inFAMOUS 2 was a great game that ended with a big question mark. The bold and rather sudden step of killing a main character left gamers wondering what, if anything, was left for the series. On the eve of PlayStation 4's reveal in February 2013, they got their answer--more inFAMOUS was coming, and first-party developer Sucker Punch Productions hoped to leverage PS4's technology to make Sony's open-world, superpowered franchise better than ever. Finally, more than thirteen months of secrecy later, inFAMOUS: Second Son is here, and the industry is about to find out whether Sucker Punch has delivered on the promise of greatness. We think it did.
inFAMOUS has always been a story-driven game, and never before has its story been so good. Sucker Punch has taken great care to keep pretty much everything a secret except a couple powers and the main premise: Delsin Rowe, street-wise vagabond and Conduit, going up against the Department of Unified Protection (DUP). The DUP is out to eradicate Conduits, humans with the genetic capacity to channel environmental sources like lightning and smoke into superpowers. Like Cole MacGrath before him, Delsin's status as a Conduit garners a great deal of mistrust from authority, and when the DUP, in the wake of inFAMOUS 2's events, starts cracking down on Conduit presence and labeling Delsin and co. "bio-terrorists," Delsin channels his anti-authoritarian nature into the greater purpose of liberation.
Frankly, this is not a story you want to hear any more about. Watching it unfold from a blank slate is part of what makes the narrative so enthralling, like a book you’ve never read or a movie you’ve never seen. The characters tell it very well, and the satisfying ending still left me wanting more--understandable, given it took 10 hours to finish the story while having retaken a sizable chunk of Seattle from DUP control via side missions.
A great deal of what sells the narrative is the character acting, and never has the payoff of motion capture been greater. Delsin and the rest of the cast are very expressive, with an impressive range of emotion--fear, anger, joy, sadistic glee--recognizable on their faces. Body animation ties the experience together; I marveled at the natural way Delsin grimaces when he trips the alarm on a Conduit scanner, and at the more natural way he runs, especially in comparison to the somewhat awkward running animations of the previous games.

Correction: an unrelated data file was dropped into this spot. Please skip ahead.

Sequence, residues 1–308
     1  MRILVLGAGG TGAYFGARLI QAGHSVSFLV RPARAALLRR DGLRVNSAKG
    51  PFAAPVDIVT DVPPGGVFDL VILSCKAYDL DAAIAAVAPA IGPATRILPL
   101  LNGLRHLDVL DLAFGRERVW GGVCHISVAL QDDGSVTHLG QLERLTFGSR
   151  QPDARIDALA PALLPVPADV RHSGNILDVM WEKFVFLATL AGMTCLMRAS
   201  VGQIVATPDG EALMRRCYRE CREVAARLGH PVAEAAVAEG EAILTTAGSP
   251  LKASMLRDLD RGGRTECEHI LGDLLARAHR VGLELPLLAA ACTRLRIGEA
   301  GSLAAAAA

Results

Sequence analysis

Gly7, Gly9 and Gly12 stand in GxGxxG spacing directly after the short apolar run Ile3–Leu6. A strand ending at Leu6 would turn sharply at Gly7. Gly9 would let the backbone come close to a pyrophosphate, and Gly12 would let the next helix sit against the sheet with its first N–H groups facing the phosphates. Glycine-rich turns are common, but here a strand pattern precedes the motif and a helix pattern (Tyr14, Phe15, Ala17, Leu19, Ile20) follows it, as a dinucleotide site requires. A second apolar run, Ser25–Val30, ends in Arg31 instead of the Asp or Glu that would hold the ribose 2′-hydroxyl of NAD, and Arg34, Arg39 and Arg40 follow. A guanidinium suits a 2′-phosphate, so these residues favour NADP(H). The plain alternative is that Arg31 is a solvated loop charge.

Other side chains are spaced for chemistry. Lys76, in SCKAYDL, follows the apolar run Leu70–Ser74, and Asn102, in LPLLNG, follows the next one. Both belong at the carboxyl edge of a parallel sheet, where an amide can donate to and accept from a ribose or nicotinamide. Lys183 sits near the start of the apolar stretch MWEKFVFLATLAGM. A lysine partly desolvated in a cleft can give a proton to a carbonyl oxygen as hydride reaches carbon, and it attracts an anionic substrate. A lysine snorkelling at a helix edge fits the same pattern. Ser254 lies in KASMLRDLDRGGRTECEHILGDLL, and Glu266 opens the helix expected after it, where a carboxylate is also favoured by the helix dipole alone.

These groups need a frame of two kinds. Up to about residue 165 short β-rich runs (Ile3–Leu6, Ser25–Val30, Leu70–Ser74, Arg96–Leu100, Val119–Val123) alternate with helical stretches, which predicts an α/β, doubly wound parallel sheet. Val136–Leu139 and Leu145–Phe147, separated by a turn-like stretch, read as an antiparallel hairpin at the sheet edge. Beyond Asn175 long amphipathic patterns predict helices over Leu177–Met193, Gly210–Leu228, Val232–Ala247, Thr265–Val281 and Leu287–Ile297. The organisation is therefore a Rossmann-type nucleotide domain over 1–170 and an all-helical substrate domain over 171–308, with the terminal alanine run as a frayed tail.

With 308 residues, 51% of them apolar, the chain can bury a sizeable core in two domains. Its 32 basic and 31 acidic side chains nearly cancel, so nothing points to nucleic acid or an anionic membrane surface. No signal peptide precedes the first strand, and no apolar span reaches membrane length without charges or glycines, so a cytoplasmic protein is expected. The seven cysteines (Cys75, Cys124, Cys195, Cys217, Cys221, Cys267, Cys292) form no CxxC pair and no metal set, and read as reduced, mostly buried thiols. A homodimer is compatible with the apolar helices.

In addition, the voice acting is some of the best I have heard from a video game. Troy Baker (Delsin) and Travis Willingham (Reggie) sound like they could be best buds in real life—and it’s not just them. The comedic banter between all the characters, the way they talk to and relate to each other, coupled with the well-done character models, help the player get to know them as individuals and invest in their relationships. They are full of life and personality. You can hear and feel Delsin and Reggie's panic as they discover Delsin is one of the feared “Bio-terrorists” that the government is hunting. The main villain is absolutely contemptible, with the kind of acting talent and body cues that convey superiority and true disdain and draw your hatred in ways that only truly great villains manage to do.
Despite the supernatural powers on display, characters feel very human, which grounds Second Son in a next-gen realism I can't wait to see more of.
Overleaf, we check out Second Son's gameplay and graphics.